To view this video please enable JavaScript, and consider upgrading to a web browser that supports HTML5 video

PhD research aims to improve education of children of colour

A classroom research project named in honour of Leeds’ first black headteacher is being launched by Leeds Beckett University.

Head teacher Gertrude Paul sitting with pupils in a classroom

The Gertrude Paul Doctoral Studentship will focus on improving maths and literacy with primary school children from mainly African and Caribbean backgrounds, while researching their wider educational experiences.

The four-year project aims not just to improve attainment in core subjects, but to inspire young people in terms of educational and career goals.

Professor Damien Page, Dean of the university’s Carnegie School of Education, said: “Gertrude Paul was an inspirational figure not just in the education system, but for society in general. She broke down barriers and became a role model for many more to follow.

“Despite many good intentions and programmes, there is still a marked difference in the achievements of children of colour compared to their peers, not just in schools, but in further and higher education.

“By understanding the education experiences of children and their families involved in the project, and by tackling core issues in maths and literacy, we can better serve learners from all backgrounds.”

“We are seeking candidates with an extensive understanding of the cultural context and the challenges faced by children of colour and their families within the education system.

“The successful candidate will be both passionate about research and its potential to challenge under-attainment and dedicated to achieving real impact within schools and the community.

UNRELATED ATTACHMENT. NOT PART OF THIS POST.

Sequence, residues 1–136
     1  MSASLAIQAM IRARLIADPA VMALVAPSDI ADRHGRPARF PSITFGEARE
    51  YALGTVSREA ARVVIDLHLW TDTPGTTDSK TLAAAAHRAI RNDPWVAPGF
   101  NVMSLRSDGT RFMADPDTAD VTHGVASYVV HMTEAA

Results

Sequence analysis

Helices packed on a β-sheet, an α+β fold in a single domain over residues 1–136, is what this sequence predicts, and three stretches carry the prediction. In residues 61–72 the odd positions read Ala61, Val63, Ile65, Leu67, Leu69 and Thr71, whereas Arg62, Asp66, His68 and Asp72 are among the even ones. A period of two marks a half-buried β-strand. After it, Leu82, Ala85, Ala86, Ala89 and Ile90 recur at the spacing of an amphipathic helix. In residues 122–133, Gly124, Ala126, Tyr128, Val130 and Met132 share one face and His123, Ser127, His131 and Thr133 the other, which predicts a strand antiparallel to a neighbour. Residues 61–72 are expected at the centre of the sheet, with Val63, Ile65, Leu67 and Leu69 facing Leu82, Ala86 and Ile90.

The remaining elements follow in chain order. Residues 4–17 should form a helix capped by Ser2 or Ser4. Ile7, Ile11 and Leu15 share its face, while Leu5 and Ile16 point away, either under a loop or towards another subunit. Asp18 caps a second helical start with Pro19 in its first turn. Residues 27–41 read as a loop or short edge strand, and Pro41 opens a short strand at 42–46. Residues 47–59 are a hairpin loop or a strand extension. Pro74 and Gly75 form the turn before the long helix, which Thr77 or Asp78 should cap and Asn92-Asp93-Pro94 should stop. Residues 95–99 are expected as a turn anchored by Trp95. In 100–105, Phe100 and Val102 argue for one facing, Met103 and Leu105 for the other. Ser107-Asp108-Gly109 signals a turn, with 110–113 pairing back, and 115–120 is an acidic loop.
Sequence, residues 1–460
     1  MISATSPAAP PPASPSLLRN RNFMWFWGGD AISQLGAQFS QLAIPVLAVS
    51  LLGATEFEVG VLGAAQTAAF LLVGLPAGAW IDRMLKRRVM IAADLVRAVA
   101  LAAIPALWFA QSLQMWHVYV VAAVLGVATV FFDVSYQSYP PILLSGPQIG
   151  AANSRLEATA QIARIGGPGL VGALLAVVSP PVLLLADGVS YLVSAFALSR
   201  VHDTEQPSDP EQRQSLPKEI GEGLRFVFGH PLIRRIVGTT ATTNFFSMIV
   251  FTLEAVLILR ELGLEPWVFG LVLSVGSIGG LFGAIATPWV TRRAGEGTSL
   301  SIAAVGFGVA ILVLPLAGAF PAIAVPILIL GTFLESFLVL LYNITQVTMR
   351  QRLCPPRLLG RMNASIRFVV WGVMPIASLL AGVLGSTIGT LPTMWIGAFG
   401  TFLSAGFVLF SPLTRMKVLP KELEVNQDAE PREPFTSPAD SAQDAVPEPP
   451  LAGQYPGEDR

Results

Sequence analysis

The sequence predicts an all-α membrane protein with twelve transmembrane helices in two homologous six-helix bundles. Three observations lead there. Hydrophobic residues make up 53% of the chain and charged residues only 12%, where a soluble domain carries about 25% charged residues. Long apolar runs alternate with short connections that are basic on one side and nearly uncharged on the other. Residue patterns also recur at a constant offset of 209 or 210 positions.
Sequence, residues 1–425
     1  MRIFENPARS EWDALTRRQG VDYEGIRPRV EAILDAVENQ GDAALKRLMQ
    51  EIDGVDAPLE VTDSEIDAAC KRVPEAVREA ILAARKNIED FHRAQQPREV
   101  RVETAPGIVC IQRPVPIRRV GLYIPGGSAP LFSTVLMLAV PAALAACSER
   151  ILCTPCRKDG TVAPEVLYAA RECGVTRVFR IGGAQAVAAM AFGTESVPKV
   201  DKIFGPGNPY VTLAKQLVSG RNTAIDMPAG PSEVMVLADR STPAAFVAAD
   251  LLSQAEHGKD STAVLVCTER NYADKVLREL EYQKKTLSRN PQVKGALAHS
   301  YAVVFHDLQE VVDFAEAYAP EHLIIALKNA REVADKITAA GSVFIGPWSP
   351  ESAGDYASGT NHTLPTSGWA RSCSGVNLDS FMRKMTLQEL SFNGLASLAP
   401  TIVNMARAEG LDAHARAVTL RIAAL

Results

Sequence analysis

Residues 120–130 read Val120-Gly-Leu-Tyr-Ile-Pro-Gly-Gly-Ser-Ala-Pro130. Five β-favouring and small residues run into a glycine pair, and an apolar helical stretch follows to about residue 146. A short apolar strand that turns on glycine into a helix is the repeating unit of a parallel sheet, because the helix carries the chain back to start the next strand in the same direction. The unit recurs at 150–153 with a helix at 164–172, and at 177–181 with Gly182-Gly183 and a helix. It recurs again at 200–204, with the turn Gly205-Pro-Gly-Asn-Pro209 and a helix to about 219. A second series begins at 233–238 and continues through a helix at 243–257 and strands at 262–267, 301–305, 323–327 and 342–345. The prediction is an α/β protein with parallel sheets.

“We also want someone who is ambitious about building a career within universities and so the role will also include opportunities to teach on courses across the School of Education, supported by experienced academic mentors.”

Gertrude Paul with Queen in Chapeltown community centre

Gertrude Paul with the Queen and Prince Philip at the opening of UCA House Residential Home in Chapeltown, Leeds. All pictures copyright Heather Paul.

Gertrude Paul moved from St Kitts and Nevis to the UK in 1956. Despite having completed her British teacher training qualification in the Antigua Teacher Training College, she was required to complete another teacher training course in the UK.

She pursued her dream and graduated from the James Graham College of Education (now known as the Carnegie School of Education at Leeds Beckett University) in the early 1960s.

The first black teacher in Leeds, Gertrude taught in schools across the city before becoming head teacher in 1976 of Elmhurst Middle School (now known as Bracken Edge Primary) in Chapeltown.

Besides her teaching commitments, Gertrude was a co-founder of the Leeds West Indian Carnival, President of the United Caribbean Association in Leeds, and served on the Commission for Racial Equality.

She died in 1992, and 19 years later in 2011, Leeds Civic Trust placed a blue plaque on the Bracken Edge building. It was unveiled by Gertrude’s daughter Heather Paul, who is a lecturer at Leeds Beckett University.

The initiative named in Gertrude’s honour involves a salaried, fully-funded PhD applicant working with Ujima - a community group providing tutoring and personal development for primary and secondary school pupils from Black African or Black Caribbean backgrounds in Chapeltown.

Marina Active, Director of Ujima said: “Our purpose is to support local young people to realise their fullest potential both academically and personally so that they thrive now and in their future lives.

“We encourage students to achieve their full potential academically, economically, socially and emotionally.

“With this encouragement, our aim is that these young people will be inspired to achieve the best for themselves, their families and their community, and in turn will inspire others.”

The successful doctoral studentship candidate should hold QTS (Qualified Teacher Status). The role will have two distinct but complementary elements. The first will be to manage and deliver extra tuition and mentoring to help Ujima students overcome the attainment gap faced by children of colour, working with local community volunteer tutors as well as trainee teachers from the Carnegie School of Education at Leeds Beckett University.

The second half of the position will be to conduct doctoral research within Ujima, exploring the educational experiences of the children and their families.

Back to Top Button